A new study has found that what an individual thinks about their illness matters in determining their health outcomes.
Keith Petrie, of the University of Auckland, and John Weinman, of the Institute of Psychiatry at King's College, reviewed the existing literature on patients' perceptions of illness.
They found that people's illness perceptions bear a direct relationship to several important health outcomes, including their level of functioning and ability, utilization of health care, adherence to treatment plans laid out by health care professionals, and even overall mortality.
In general, our illness perceptions emerge out of our beliefs about illness and what illness means in the context of our lives. So, we might have beliefs about how an illness is caused, how long it will last, how it will impact us or our family members, and how we can control or cure it.
According to Petrie, the bottom line is that "patients' perceptions of their illness guide their decisions about health." If, for example, we feel like a prescribed treatment isn't making us feel better we might stop that treatment.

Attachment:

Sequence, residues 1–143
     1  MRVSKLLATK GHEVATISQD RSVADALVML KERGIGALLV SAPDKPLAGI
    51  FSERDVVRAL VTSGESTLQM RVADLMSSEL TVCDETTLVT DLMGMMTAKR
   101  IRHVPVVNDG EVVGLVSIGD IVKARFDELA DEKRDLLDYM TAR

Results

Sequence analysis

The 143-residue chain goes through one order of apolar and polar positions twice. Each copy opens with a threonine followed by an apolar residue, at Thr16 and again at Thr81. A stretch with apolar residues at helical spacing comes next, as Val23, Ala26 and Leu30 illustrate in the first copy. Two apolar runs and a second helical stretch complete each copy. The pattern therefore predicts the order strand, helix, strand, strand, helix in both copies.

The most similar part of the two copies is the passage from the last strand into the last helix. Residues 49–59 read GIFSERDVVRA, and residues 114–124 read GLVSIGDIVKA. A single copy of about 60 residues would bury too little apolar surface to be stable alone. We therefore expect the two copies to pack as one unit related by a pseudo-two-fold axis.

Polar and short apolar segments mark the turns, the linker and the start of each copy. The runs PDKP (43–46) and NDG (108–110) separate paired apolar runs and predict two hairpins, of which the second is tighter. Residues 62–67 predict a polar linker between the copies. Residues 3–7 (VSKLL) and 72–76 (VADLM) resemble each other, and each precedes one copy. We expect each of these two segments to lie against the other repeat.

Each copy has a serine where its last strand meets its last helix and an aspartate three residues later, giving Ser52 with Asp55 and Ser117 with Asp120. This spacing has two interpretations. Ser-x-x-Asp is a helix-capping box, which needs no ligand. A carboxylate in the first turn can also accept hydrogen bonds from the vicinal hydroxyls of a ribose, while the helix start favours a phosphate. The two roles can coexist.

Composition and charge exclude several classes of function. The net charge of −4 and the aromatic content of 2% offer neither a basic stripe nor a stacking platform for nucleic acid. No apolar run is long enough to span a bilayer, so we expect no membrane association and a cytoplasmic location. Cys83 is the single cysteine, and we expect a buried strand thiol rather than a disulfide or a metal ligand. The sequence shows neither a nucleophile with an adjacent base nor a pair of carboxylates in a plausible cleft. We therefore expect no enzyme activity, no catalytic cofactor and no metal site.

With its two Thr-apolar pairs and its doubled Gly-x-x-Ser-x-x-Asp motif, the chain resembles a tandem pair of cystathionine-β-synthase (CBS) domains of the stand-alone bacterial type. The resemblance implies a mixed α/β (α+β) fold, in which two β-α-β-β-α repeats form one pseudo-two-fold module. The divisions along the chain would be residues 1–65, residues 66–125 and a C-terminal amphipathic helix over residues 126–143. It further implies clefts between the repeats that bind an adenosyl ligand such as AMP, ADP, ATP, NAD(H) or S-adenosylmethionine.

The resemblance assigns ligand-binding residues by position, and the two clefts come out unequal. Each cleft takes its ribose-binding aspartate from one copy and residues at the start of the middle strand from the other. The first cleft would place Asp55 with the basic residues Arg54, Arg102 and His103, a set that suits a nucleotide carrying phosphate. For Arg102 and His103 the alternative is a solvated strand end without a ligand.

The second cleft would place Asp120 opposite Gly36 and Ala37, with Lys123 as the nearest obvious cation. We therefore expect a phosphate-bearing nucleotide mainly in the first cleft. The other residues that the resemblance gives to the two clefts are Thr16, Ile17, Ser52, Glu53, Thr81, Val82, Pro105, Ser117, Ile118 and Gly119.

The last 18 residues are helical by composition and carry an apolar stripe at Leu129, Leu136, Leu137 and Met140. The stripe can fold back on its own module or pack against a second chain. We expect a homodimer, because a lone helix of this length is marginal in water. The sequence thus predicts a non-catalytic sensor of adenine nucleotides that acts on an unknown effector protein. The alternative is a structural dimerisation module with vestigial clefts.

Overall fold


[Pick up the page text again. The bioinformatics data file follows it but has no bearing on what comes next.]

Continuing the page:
Research on illness perceptions suggest that effective health care treatment plans are about much more than having a competent physician.
"A doctor can make accurate diagnoses and have excellent treatments but if the therapy doesn't fit with the patient's view of their illness, they are unlikely to keep taking it," Petrie said.
He argued that a treatment that does not consider the patient's view is likely to fail.
The authors conclude that understanding illness perceptions and incorporating them into health care is critical to effective treatment. Asking patients about how they view their illness gives physicians the opportunity to identify and correct any inaccurate beliefs patients may have.
Once a patient's illness perceptions are clearly laid out, a physician can try to nudge those beliefs in a direction that is more compatible with treatment or better health outcomes.
Such conversations can help practitioners identify patients that are at particular risk of coping poorly with the demands of their illness.
They confirm that brief, straightforward psychoeducational interventions can modify negative illness beliefs and lead to improvements over a range of different health outcomes.
The study has been published in the February issue of Current Directions in Psychological Science.